Sophomore to present at NCUR | The Triangle

Sophomore to present at NCUR

A Drexel University iSchool student, sophomore Jordan Jobs, was recently given the prestigious opportunity to present her research at the National Council on Undergraduate Research at the University of Wisconsin-La Crosse April 11-13.

NCUR promotes advancement in research with college students and creativity in research done by associating students with faculty members of higher education institutions. Jobs’ research examines the socioeconomic difference that technology can have when utilizing health care information online for many patients.

“In a time where technology is so readily available for people, I wanted to focus on why, in certain areas, health information is not available as easily as it should be,” Jobs said.

During her field research, Jobs recalled giving parents and caretakers surveys on their access to technology, either in general or as it pertains to health information. Jobs’ research mainly involved physical interaction with members of rural and urban areas, which focused on their interactions with technology as well as their ease of access to online health information.

“To strengthen the diversity of my research, I had to go travel and gain information from both rural and urban areas. My question about accessibility to online health information was better answered at [Children’s Hospital of Philadelphia] clinics in urban areas such as Broad and Market Street as well as rural areas such as West Grove and Coatesville, Pa.,” Jobs said.

“I found it surprising how there was such low access of online health information and technology in general when it came to rural areas in Pennsylvania. We, as Drexel students, take things such as surfing the Internet and easy access to online health information for granted at times because we are such a research-driven institution. However, just down the street from us there are neighborhoods that scavenge and thrive in areas with minimal to no technological access at all,” Jobs said. “I am part of the iSchool research program, and my research wasn’t as scientific as it was basically interacting with people and asking them to take surveys and indicate their online health information accessibility. My research data and survey data helped not only my project but CHOP as well because it improved the communication between patients and the clinics that serve them.”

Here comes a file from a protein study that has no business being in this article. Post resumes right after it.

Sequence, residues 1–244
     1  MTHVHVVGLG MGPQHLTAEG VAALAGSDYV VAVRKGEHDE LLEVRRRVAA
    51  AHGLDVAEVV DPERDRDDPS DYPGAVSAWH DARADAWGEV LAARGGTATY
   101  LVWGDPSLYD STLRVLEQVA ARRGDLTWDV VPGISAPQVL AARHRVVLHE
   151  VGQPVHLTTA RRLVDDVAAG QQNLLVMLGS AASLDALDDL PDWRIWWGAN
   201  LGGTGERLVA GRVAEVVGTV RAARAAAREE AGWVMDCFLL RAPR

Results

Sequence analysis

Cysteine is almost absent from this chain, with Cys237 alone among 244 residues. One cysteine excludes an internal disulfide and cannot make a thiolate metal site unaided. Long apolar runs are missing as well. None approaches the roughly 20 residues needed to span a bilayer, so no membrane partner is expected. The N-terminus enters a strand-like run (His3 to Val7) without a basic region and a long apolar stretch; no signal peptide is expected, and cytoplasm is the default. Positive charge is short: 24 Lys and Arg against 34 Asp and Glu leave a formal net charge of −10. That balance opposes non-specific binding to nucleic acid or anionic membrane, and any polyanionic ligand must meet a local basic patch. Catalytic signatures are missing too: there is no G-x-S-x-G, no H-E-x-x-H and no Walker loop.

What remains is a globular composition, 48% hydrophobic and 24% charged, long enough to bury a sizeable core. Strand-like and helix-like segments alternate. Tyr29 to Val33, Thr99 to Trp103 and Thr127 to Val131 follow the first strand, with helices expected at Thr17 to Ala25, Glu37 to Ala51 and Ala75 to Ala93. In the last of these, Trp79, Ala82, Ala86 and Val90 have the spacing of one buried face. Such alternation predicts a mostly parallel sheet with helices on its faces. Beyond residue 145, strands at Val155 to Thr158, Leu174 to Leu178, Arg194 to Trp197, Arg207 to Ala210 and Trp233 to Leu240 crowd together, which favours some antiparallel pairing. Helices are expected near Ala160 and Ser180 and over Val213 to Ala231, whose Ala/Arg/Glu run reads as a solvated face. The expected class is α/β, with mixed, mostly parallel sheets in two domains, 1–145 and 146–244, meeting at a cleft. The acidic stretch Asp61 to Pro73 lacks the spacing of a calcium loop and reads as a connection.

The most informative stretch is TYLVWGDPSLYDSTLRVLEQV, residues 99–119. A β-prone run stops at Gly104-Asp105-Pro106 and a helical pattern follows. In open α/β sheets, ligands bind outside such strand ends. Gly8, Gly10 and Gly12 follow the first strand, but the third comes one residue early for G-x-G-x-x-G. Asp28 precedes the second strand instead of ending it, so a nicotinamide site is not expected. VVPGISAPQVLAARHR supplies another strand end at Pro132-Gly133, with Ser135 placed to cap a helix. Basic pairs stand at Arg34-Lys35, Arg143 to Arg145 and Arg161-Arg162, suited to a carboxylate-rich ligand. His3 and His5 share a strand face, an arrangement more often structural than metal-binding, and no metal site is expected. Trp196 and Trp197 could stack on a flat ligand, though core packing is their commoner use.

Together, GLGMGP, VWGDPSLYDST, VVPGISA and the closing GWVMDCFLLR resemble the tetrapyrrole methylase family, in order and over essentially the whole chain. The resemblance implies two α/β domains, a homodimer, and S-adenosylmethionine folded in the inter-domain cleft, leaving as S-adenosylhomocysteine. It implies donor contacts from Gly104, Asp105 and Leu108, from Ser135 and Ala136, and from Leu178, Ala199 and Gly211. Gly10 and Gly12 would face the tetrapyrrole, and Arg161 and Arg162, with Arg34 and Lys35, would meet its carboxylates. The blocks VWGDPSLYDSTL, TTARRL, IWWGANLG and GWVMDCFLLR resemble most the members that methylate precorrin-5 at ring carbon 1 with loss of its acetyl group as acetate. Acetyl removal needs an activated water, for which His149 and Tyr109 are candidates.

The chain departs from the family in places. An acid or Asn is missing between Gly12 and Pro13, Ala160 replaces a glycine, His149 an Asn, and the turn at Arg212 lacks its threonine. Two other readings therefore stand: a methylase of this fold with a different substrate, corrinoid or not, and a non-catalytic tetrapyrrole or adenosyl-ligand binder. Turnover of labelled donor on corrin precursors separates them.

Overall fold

Jobs previously worked on her research with professors Prudence Dalrymple, Lisl Zach and Michelle Rogers. Jobs was part of the 2012 Students Tackling Advanced Research program at Drexel, where she advanced her research and worked on it throughout the summer, gathering data not only from her lab and faculty members but also from different parts of Philadelphia. Jobs’ research, while working with her colleagues and faculty members, primarily deals with collecting data from both urban and rural areas. Jobs noticed a significant divide to access in technology and online health information between rural and urban areas. Urban areas were undoubtedly more equipped with technology than rural areas when it came to ease of access.

Jobs gained interest in research after her summer experience, something she readily advocates for her peers. “Many colleges at Drexel have research divisions, whether it is the engineering college or Arts and Sciences, and since research is such an important aspect in Drexel, it should definitely be encouraged. If a student is interested in performing research, they should contact their professors and set up interviews to be a part of the research that is currently being done at Drexel. It is definitely one of the positive aspects of Drexel that should be taken advantage of,” Jobs said.

Near the end of Jobs’ research project, she discovered a local organization called KEYSPOT, which is under the leadership of Drexel, the Philadelphia city government and the Urban Affairs Coalition. KEYSPOT oversees different programs that provide computer and Internet access and training to people throughout Philadelphia. The target demographics for KEYSPOT services are the economically disadvantaged, the homeless, senior citizens, youth, public housing residents and formerly incarcerated people.

“Their goal is to help bridge the digital divide in Philadelphia. If you look around the site in the ‘About Us’ section, there’s a statistic that says 41 percent of Philadelphians are not connected and other shocking facts. Also, Drexel does partner with this organization, which is good to know.” More information on KEYSPOT is available at

Jobs is currently analyzing and documenting her research and preparing for her research panel presentation at NCUR. She hopes to shed light on the importance of technology when it comes to online health information.